Char to uint32_t Pointer recasting Oddity Single thread exhibits different behavior then others

I’m currently working on a problem that allocates a (char *) buffer on the device. Each thread then reads a “chunk” of this buffer based on its thread index (chunkNum = buffer + index * chunkSize).

The offending line is the following:
uint32_t *word = (uint32_t *)(input + maxW * 4); //maxW is 0 in all cases, this is confirmed

The kernel receives an initial buffer = ‘abcabcabc’.

Thread one receives input ‘abc’ (&buffer[0]), two receives input ‘abc’ (&buffer[3]), and three receives input ‘abc’ (&buffer[6]).

When running the offending line I receive the following output for each thread:
thread one: ‘abca’ (<- *word)
thread two: ‘abca’ (<- *word)
thread three: ‘bcab’ (<- *word)

Why is this? Why am I not receiving ‘abc{garbage value}’? Even if I allocate an extra two elements in the buffer and set the buffer to ‘abcabcabc’ || 0x99 || 0x99 , my third thread is still giving me ‘bcab’. Thanks for any help, I have found this horribly puzzling.

Similar to many RISC CPUs, the GPU requires all accesses to be naturally aligned. This means that a 4-byte int object has to be 4-byte aligned, an 8-byte double object has to be 8-byte aligned, and so on. Misaligned accesses lead to undefined behavior. Therefore, care must be taken when converting a pointer to data with a lesser alignment requirement (e.g. char) to a pointer to data of a stricter alignment requirement,(e.g uint32_t), and then de-referencing the second pointer.

You could either ensure that, by design, any char* passed to your function is 4-byte aligned (that is typically not possible for functions that are part of a library called by many different codes), or the function needs to examine the alignment, then work byte-wise to the next alignment boundary from which point on it can work word-wise. To extract words at misaligned offsets, you can read the data in smaller aligned chunks, then combine it using shift plus add (or shift plus OR).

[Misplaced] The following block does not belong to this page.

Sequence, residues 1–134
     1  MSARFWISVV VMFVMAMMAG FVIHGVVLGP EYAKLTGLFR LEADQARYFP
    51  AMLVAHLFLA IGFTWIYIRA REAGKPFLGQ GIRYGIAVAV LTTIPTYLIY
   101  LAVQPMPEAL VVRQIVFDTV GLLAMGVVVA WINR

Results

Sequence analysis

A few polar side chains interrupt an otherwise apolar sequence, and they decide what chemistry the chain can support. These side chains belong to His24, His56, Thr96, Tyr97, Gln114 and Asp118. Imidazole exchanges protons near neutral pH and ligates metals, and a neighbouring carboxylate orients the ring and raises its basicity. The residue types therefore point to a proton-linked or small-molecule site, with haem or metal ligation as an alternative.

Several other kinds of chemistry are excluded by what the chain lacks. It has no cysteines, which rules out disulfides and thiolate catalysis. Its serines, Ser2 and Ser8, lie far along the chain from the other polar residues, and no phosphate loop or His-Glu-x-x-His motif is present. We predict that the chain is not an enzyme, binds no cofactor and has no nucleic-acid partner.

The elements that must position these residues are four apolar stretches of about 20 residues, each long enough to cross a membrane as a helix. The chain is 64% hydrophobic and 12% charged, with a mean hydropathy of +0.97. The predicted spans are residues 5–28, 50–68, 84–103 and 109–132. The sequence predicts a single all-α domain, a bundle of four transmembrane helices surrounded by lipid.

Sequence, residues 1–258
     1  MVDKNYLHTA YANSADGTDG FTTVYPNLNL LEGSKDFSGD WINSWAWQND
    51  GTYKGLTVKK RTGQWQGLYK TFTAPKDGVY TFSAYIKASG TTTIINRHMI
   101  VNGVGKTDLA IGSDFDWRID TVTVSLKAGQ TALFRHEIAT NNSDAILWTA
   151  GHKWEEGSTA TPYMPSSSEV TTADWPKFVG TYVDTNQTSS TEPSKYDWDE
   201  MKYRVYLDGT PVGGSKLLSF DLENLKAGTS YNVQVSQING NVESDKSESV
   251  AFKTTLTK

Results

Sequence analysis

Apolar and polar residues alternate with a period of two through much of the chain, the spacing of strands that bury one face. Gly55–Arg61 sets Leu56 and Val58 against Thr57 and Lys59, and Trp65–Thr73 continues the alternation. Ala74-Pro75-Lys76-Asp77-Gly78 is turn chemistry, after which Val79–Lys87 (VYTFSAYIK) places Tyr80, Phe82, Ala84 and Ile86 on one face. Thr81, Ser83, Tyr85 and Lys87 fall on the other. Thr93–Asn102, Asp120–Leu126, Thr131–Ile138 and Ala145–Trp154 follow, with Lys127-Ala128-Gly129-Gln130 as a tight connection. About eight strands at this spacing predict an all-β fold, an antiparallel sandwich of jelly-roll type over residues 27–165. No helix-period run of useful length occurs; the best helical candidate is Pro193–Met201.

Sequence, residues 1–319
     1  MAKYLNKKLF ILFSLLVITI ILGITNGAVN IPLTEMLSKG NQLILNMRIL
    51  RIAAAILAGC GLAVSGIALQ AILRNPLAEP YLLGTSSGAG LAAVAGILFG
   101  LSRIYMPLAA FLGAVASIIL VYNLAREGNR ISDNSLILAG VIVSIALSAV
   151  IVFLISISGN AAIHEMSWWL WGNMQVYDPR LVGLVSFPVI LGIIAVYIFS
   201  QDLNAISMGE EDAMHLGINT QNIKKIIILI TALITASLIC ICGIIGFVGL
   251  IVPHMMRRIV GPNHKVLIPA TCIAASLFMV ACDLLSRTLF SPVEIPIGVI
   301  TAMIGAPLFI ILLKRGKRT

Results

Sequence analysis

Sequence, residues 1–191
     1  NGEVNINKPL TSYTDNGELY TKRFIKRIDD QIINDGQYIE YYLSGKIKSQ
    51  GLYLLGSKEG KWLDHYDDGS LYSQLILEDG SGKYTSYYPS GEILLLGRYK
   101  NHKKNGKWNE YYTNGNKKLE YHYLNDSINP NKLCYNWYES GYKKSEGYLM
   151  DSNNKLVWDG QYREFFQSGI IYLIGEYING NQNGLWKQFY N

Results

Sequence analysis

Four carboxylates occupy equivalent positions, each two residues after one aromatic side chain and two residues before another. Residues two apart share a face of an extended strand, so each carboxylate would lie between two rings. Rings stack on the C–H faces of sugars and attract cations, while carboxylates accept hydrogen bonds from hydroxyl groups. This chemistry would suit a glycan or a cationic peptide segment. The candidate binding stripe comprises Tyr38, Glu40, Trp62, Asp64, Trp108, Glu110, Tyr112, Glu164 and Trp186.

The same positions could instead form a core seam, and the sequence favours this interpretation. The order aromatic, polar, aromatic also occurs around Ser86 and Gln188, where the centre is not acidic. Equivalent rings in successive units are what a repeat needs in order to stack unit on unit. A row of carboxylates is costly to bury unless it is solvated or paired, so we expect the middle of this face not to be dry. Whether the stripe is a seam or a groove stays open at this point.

Ahh. Shoot! I completely didn’t think of that.

Regarding the eventual performance of the code what would be the optimal way of assuring alignment?

  1. Prior to passing the CUDA kernel my input, make sure the host CPU 4-byte aligns every incoming message.

  2. In the CUDA kernel itself, use the shift + OR/ADD to read in smaller chunks? I assume these operations are considerably speedy in the kernel. The device itself is of compute capability 1.1 so I’m aware 32-bit multiply’s are slow, but I assume adds, shifts, etc on unsigned integers are still extremely fast?


Obviously any approach that avoids doing work at runtime will be superior. So if you can copy the data from the host to a suitably aligned buffer in the device, and then use only aligned accesses, that would be best.

However, your initial description suggests that even in a situation where the first element (i.e. the start of the buffer) is suitably aligned, the processing proceeds at non-aligned offset, which then requires the use of the gather technique. As a micro-optimization on Fermi-class machines, I would suggest combining the chunks via left-shift (with constant shift factor) plus add, as this nicely maps to the ISCADD instruction in the hardware.

The overhead for collecting/splitting to ensure wide aligned accesses will typically still be lower than processing the data a byte at a time. However, the code might become a bit involved when potentially mis-aligned accesses to multiple buffers are involved. If you enjoy reading assembly language, here is a worked example in the form of an optimized strcpy() for SPARC which I wrote many years ago: